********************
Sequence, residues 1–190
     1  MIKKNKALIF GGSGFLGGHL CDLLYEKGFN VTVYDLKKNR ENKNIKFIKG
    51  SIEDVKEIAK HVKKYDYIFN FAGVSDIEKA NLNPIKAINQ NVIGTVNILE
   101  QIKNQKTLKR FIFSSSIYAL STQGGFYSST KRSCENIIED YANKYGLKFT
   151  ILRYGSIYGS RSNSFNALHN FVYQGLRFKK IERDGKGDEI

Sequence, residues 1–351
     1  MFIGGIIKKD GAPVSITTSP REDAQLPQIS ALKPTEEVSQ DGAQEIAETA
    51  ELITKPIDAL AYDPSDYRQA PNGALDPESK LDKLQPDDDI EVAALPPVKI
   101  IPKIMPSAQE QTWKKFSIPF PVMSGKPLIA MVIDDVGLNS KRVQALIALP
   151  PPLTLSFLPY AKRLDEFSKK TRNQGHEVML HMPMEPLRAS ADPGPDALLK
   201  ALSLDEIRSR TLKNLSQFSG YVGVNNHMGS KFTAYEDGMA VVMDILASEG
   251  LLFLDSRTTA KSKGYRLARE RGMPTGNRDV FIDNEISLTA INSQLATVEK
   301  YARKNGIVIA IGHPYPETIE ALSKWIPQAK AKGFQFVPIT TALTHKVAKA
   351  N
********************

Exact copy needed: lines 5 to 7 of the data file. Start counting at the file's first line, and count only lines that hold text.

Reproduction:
   151  ILRYGSIYGS RSNSFNALHN FVYQGLRFKK IERDGKGDEI

Sequence, residues 1–351
     1  MFIGGIIKKD GAPVSITTSP REDAQLPQIS ALKPTEEVSQ DGAQEIAETA